Saturday, April 30, 2016

Technological advances


Although technology is shifting the way organizations interacting, communicating and sharing information by enabling them to access, use and manage information anywhere at any time, emerging technologies such as smart devices, IoT, social media, cloud computing, big data and cyber security are driving change and innovation across all markets and industries.

In this rapid changing business landscape, organizations are engaging in a widespread adoption and integration of these technologies into their business as they offer the advantages of increasing productivity, operating more efficiently, enhancing communications, increasing mobility, better information handling and sharing, ensuring safer and healthier working environment…etc. thus generating economic benefits such as penetrating new markets and making more revenues in shorter period of times.

Since these technologies are breaking down the barriers of the traditional offices and defeating the old IT risk model, IT risk programs must expand and adapt to meet these challenges.

New technology risks

In recent years, organizations are often blindly embracing new technologies and creating new underlining risks by heavily investing massive resources in adopting new IT infrastructures with the associated cost in upgrading old systems following venders’ advertised or promised features of their products/services and the organizations’ own overstated assumptions regarding presumed performance and efficiency of these products/services without prior and detailed study and analysis.

Moreover, security related requirements are frequently overlooked in pursuit of willingness to deploy unconfirmed technologies which ultimately exposes the organizations to great and unknown risks while in reality bringing low added value that fails to meet their strategic objectives and stockholders’ expectations.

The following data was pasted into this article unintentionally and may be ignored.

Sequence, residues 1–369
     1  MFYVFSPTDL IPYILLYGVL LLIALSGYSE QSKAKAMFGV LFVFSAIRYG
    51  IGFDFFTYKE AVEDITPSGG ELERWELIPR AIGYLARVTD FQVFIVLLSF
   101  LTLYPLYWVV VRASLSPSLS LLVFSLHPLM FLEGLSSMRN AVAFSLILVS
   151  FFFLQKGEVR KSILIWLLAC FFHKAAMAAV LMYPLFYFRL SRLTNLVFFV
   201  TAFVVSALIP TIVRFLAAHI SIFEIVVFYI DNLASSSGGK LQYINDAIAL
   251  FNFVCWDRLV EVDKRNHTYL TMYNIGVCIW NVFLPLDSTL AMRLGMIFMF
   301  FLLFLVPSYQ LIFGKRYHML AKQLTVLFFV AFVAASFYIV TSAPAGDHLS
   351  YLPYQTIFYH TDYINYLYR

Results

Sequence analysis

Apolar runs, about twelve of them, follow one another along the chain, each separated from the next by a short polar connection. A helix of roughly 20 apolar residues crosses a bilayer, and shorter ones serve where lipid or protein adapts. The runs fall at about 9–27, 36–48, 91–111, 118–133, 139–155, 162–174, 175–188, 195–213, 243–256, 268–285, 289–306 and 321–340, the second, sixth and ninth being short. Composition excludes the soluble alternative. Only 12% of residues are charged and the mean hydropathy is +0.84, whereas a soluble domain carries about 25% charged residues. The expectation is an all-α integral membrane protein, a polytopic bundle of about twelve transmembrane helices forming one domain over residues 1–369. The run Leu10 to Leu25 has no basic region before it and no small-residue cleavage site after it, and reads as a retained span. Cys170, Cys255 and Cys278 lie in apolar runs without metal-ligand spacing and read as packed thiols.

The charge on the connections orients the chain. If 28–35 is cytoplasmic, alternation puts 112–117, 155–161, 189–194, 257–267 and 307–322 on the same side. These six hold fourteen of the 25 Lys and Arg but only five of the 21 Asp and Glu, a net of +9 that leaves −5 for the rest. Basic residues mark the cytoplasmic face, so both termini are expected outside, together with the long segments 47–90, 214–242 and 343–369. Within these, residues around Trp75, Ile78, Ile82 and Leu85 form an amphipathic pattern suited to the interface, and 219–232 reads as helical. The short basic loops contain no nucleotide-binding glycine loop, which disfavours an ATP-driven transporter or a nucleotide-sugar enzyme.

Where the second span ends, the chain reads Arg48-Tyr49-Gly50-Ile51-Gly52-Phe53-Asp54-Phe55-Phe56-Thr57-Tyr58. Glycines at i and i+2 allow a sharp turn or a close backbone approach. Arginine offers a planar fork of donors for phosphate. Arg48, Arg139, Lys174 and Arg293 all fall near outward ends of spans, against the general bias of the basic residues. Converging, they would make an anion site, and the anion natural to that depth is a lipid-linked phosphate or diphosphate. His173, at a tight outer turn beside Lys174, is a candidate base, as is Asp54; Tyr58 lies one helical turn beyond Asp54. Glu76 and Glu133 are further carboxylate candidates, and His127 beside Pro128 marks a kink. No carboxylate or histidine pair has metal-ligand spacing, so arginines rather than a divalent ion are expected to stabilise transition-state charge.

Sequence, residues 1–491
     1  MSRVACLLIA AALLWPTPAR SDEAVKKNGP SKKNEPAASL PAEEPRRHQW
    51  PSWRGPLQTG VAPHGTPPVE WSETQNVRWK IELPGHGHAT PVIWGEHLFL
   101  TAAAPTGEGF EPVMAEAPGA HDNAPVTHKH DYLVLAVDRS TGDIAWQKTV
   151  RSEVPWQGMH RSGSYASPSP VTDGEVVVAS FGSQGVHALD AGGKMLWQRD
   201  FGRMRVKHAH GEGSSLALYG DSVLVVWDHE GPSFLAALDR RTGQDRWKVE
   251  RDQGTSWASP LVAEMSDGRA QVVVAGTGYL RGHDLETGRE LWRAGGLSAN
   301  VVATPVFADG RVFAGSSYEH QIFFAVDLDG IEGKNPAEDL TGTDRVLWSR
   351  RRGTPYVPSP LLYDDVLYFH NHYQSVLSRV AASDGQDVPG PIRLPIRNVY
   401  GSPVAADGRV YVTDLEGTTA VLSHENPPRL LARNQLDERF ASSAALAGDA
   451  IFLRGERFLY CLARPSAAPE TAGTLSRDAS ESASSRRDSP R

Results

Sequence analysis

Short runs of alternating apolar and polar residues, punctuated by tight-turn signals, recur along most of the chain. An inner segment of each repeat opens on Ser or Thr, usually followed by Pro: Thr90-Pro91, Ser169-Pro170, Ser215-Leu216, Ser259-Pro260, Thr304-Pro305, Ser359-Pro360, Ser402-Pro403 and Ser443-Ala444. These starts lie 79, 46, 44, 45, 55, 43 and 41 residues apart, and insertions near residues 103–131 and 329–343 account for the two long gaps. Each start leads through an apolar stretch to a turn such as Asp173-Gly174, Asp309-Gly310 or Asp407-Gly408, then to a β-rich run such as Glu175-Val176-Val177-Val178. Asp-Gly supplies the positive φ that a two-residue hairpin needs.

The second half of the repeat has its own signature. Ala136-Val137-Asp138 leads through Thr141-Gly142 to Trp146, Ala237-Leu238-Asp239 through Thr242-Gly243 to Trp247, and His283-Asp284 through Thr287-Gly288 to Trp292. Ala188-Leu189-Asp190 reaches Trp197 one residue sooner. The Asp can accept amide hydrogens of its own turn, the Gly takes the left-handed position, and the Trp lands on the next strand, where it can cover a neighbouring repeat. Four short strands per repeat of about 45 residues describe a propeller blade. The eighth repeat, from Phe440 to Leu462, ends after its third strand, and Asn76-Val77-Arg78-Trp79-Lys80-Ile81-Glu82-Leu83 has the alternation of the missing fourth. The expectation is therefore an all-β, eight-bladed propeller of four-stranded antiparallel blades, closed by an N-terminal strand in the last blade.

Organizations data is becoming available online, universally shared via social media, through variety of cloud platforms and devices such as smartphones, laptops and tablets. Thus enables data to be stored in low secured devices and exposed to a huge risk universe.

Organizations failed to oversight and support changing business landscape may endure severe market share losses. As emerging technologies are generating more market competitions with small entities whom are easily emerging and offering similar or better products/services in lower costs, organizations incapable of watching, adapting and constantly renewing their products/services to new market and technology trends find their business portfolio obsolete as their products/services are quickly becoming outdated.

Organizations are also challenged in either investing and offering training to current staff or hiring high payed talents as well as funding research and development initiatives to keep pace with these technologies.

Managing emerging risks 

Organizations should be primarily concerned by addressing current technology issues and cautioned about adopting emerging technologies. Unless they have a clearer understanding of the associated opportunities and risks, by then they can devote the attention and resources toward adopting these technologies.

Organizations need to build a foresight capacity that allow them to quickly respond to future challenges and uncertainties by adopting appropriate approaches such as Delphi Method, Horizon Scanning and Trend Impact Analysis that help them adopt emerging technologies, assess their trends in the long-term, comprehend related knowledge, develop corresponding risk indicators to watch the outcomes, and understand the potential benefits behind these technologies.